A few hundred yards from Holkum’s Branch sat Portici, perhaps one of the best-documented field hospitals of First Manassas. Several accounts remarked the medical scene at the Lewis family home turned hospital, and it was a horrifying and sickening site. Fanny Ricketts, who visited the hospital to look after her husband, James B. Ricketts, recorded in her diary:
Oh nothing, no words…can describe the horrors around me. Two men dead and covered with blood were carried down the stairs as I waited to let them pass. On a table in the open hall a man was undergoing an amputation of the leg. At the foot of the stairs two bloody legs lay and through all that I went to my husband…I found my dear husband lying on a hospital stretcher still covered with blood!
A member of the Rockbridge Artillery recollected trying to find water after an evening rain near the hospital, but “the water which we hoped to get from the roof of the Lewis House had been stained by blood which oozed from the several limbs which the surgeons had thrown out on a part of the roof”.
Further down the road, a Confederate Hospital Steward, Dr. E.A. Craighill remembered, “we established a temporary hospital at a farm house about a half a mile in the rear from the battlefield owned by a Mr. Pringle whose house was full of dead and wounded”. Unique to some of the other hospitals in the area, the Pringle family stayed in the house while it was used until the end of August. Forced to live out of one room in the house, with as much furniture as they could fit in that room, the Pringles endured horrors of war that many more would face, with personal property damaged, food and supplies taken, and even lives destroyed.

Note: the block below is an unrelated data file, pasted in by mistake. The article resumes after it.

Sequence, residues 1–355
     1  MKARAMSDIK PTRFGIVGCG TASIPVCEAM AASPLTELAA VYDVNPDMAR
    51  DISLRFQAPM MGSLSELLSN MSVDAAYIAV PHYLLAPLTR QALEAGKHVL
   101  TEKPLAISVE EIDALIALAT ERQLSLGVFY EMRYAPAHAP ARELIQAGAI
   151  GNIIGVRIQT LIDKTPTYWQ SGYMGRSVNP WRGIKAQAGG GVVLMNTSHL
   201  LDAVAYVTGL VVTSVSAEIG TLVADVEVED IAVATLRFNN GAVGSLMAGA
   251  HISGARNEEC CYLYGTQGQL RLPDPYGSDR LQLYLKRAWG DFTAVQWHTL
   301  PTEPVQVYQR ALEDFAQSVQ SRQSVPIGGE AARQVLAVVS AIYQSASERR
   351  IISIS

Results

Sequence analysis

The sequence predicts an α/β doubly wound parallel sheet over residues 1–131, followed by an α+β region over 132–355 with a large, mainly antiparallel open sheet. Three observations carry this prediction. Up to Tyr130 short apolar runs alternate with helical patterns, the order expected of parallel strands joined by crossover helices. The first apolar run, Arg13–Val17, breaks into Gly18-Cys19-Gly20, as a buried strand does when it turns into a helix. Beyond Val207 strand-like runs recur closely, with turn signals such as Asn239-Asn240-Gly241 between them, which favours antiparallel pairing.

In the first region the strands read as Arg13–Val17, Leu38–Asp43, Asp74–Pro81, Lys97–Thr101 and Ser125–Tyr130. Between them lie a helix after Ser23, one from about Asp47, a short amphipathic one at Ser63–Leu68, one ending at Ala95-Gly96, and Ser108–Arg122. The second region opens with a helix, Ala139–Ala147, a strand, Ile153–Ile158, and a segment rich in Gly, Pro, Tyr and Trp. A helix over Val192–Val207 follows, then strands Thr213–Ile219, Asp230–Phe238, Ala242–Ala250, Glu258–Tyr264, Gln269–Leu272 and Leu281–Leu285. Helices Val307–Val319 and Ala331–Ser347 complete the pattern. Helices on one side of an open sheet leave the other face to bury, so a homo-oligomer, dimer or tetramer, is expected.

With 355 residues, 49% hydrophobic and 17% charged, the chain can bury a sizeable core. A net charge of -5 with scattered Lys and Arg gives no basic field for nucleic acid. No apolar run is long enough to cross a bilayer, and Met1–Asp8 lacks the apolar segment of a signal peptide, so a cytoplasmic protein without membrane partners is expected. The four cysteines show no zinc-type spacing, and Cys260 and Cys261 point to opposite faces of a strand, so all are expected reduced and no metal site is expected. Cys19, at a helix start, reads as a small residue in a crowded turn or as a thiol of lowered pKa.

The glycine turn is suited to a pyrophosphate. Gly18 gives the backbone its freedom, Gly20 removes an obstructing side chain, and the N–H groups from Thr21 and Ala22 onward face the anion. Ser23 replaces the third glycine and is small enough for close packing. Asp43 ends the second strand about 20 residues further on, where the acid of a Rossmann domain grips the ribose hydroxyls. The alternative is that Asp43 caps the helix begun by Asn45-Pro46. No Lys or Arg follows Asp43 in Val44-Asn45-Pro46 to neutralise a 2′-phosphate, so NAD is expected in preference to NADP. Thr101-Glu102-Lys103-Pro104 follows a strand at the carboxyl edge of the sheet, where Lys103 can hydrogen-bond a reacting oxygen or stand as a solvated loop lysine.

The Battle of First Manassas was just the beginning of four long years of war that would result in more than 700,000 deaths. One of the devastating events in this nation’s history, the effects of the war are still felt today. However, there is a silver lining. While medical staff at the beginning of the faced unimaginable circumstances like little supplies, unpreparedness, and a lack of modern medical knowledge, these mass casualties created an opportunity for new procedures to be found, discoveries to be made, and inventions to be created. By the war’s end, more inventions were made in four years than the 150 years previous, and is this event that pushes us into the modern and effective medicine that we take for granted today.
Are you interested in learning more about the aftermath of the Battle of First Manassas? Join us at Ben Lomond Historic Site the weekend of July 22-23rd for our Aftermath of First Manassas Civil War Weekend. Visit the site around the 156th anniversary of the battle and learn from historians and Civil War re-enactors how soldiers were treated during the Civil War and how the conditions of these hospitals differ from the hospitals we have today. The weekend will consist of demonstrations, tours, children’s activities, and a special evening program recreating the hospital on Saturday evening from 6:30-8:30pm. The event will be open to the public 10am-4pm and 6:30-8:30pm Saturday and 10am-3pm on Sunday. Admission is $5 per person during the day and $10 per person for the evening tours. Ben Lomond Historic Site is located at 10321 Sudley Manor Drive, Manassas, VA 20109. For more information or evening tour reservations, please call 703-367-7872.